When our first results came back, we were stunned. Dr. Shnaider’s hunch was right – these were domestic animals! Domestic sheep and goat, thousands of kilometers east of Mesopotamia, and thousands of years before we expected them. Direct radiocarbon dating of these sheep showed us that the assemblage dated to more than 8,000 years ago, ca. 6000 BCE, and reconstructed genome-wide DNA sequences showed that Obishir sheep fell within the variation of domesticated sheep breeds, and that they belonged to mitochondrial haplogroup A, one of the oldest haplogroups for domestic sheep seen in the Near East. This means that while the first herders and farmers were reshaping the natural and cultural landscapes of Europe, northern Africa, and South Asia, herding lifeways were also taking root in the shadow of what would later become the Silk Roads.
Our international team will spend the coming years figuring out precisely what these findings mean for Eurasia’s past. Did these ancient herders in the IAMC move there from Mesopotamia? Or were the animals exchanged and passed to ancient Central Asians indirectly, through trade? Did domestic plants, like wheat and barley, or other domestic animals, like cattle, also make the journey? How far did domesticates move into Asia beyond Obishir – did people bring them further into the Pamir, Karakorum, Kunlun, or Himalaya to the south, Tian Shan and Kunlun mountains to the east, or the Altai Mountains to the north? Did these first pastoral economies in the mountains of Central Asia provide a staging area for their later movement into places like Mongolia or China? How did the introduction of domestic animals impact the social structure, religious beliefs, or landscapes of ancient Central Asia?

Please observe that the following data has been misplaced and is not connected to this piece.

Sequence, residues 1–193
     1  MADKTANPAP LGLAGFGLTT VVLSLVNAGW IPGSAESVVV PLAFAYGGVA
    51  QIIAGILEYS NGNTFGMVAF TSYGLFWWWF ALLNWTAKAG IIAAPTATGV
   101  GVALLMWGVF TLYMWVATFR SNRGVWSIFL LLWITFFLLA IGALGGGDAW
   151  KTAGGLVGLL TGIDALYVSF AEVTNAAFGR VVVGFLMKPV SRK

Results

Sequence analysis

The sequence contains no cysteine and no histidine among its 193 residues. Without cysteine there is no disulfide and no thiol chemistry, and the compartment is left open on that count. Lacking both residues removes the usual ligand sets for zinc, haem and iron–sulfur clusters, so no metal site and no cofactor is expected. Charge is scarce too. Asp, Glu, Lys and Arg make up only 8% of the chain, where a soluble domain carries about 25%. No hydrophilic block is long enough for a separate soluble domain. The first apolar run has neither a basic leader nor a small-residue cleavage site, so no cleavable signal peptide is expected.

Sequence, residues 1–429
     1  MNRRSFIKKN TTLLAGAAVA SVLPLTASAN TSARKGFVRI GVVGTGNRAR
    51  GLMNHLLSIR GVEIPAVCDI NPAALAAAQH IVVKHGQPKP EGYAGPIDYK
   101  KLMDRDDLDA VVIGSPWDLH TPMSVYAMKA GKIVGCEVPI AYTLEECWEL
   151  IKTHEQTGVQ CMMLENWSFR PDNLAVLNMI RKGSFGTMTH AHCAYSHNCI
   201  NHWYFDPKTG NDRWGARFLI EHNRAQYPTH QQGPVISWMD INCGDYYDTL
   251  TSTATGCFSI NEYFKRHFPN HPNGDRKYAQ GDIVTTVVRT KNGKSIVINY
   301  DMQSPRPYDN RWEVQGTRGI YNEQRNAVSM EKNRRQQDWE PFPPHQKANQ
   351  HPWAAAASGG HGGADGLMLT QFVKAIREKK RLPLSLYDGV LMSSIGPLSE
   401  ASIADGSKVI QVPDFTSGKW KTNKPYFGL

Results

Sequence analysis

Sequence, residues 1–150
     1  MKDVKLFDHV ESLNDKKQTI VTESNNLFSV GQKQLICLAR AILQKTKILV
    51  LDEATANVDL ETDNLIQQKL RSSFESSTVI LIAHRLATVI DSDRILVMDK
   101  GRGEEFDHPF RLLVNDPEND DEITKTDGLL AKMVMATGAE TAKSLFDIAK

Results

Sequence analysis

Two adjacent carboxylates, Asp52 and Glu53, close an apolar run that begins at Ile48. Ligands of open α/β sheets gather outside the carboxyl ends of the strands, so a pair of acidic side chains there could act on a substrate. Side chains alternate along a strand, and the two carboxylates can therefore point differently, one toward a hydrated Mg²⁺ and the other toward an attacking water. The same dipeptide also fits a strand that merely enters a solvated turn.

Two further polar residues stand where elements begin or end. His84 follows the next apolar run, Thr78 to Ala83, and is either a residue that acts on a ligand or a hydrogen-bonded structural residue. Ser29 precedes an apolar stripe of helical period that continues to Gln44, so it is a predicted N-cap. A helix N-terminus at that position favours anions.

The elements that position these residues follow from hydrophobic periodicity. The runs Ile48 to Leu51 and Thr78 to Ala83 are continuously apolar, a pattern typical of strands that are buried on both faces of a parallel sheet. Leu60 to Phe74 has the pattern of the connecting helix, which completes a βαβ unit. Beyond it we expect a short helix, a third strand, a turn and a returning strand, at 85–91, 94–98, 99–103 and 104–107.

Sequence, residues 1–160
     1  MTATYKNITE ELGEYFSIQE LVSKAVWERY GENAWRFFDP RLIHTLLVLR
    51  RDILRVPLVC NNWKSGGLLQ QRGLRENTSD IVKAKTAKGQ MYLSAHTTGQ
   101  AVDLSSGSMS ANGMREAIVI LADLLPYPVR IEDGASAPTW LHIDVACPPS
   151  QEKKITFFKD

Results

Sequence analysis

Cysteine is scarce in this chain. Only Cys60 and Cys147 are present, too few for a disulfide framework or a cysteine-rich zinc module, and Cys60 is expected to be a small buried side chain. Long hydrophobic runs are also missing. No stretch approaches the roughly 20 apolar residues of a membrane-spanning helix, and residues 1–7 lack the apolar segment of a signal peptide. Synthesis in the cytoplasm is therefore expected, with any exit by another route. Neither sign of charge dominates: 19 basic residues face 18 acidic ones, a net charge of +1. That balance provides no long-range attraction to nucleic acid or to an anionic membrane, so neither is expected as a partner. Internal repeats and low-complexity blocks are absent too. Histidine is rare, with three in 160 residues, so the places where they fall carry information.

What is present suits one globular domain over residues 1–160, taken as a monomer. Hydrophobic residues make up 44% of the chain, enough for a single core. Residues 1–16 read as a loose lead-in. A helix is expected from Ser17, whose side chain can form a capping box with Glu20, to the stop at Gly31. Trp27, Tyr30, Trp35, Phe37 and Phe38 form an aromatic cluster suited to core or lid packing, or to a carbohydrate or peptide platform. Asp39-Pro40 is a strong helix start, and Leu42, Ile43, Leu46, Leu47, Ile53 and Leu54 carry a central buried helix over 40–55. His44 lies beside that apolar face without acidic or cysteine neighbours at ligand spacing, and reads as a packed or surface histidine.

Because the spread of domestic animals throughout Eurasia – for food, fiber, and transportation – have contributed so much to the roots of our modern, globalized world, answering these questions will be essential to understanding our collective past and our collective future. By continuing to make the most of emerging technologies with international scientific teams that can navigate Eurasia’s many linguistic and political boundaries, archaeological science will rewrite the “prehistory books” for this crucial region of the ancient world.
See the associated study, “Evidence for early dispersal of domestic sheep into Central Asia” in Nature: Human Behavior here.